A new trend is emerging in the labor market. Women make up nearly half of the nation’s workforce and more of them are choosing to delay retirement and work through their 60s. The labor force participation rate for women 65 years and older has climbed to an all-time high, rising to 15.3 percent. For some, the decision is by choice but for others, it is out of necessity.
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Women are living longer than men and that is playing a role when it comes to more women staying in the workforce. A woman reaching age 65 today can expect to live, on average, to more than 86 years of age according to the Social Security Administration. One out of four 65-year olds can expect to live beyond 90. The retirement years for some women can be almost as long as their entire working life, says Annamaria Lusardi, Professor at The George Washington University School of Business. “It’s very hard to support such a long retirement especially for women. They do live longer than men and so there is an additional need to continue working,” she says.
More women are expected to continue working well through their 60s as medical care improves and people adopt healthier lifestyles. Nearly four million women aged 65 years or older are working. The number is expected to rise nearly 60 percent to more than 6 million by 2024 according to the U.S. Labor Department.
More women are working at an older age because they have to financially. Women are more likely than men to face financial hardship later in life. Many women put off saving for retirement to pay for expenses including medical costs and college tuition for their children. On top of that, many older women are single, widowed or divorced, leaving them to rely on just one source of income. Women also earn less than men and typically receive less in Social Security due to lower lifetime earnings.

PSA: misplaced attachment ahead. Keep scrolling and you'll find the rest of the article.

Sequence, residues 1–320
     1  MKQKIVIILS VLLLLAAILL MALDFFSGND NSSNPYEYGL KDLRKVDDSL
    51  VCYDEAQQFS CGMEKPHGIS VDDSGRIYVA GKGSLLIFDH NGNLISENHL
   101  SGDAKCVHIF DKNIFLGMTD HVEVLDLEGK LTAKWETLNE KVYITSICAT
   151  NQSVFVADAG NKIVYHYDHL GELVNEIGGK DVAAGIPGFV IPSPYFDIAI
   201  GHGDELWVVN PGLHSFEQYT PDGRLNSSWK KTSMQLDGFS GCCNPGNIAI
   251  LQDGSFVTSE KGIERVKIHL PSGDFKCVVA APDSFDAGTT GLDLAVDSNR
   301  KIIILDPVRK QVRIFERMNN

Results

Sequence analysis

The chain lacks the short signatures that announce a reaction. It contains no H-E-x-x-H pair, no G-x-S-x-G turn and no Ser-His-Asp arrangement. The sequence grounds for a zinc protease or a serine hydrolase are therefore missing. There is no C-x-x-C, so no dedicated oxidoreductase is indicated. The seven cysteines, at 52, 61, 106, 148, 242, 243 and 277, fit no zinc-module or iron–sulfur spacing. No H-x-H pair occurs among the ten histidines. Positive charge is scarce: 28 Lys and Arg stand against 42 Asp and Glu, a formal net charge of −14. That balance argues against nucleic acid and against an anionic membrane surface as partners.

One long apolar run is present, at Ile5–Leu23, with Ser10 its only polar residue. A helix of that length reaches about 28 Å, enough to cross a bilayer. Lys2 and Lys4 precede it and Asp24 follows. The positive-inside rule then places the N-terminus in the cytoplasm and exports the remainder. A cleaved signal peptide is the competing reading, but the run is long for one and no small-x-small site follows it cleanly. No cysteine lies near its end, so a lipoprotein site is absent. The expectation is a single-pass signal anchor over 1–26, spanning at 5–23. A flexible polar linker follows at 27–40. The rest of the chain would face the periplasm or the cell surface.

Rising debt, Lusardi says, is also playing a role when it comes to women delaying retirement. She says easy access to credit for loans, mortgages and credit cards has increased the amount of debt many women have. “What we see is that women carry debt close to retirement a lot more now than in the past,” Lusardi says. “Women may be pushed to work longer because they have to service the debt.”
Give Yourself the Choice
The goal is to have a choice about whether or not to continue working later in life, not being forced into it. Lusardi says women need to understand their financial situation, no matter how frightening it may be, and set up a plan for their financial future. “If people don’t think about the future, they will be unprepared for it. Because women live so long, I think planning for women is very important and I think this is what will allow them to have a little bit more freedom and more financial security,” she says.
Lusardi also suggests women pay close attention to the amount of debt they have. While borrowing at historically low interest rates may not be a bad thing, she says rising debt loads could be problematic for some seniors. “If you arrive close to retirement and are heavily leveraged,” she says, “be careful because your income at retirement has to be enough to sustain you and then pay off the debt.”
There may be a silver lining to working well into your 60s. It could actually help you live longer. An Oregon State University study found that working past age 65 could lead to a longer life. Researchers found working later in life not only helped people financially but kept them more active and engaged.
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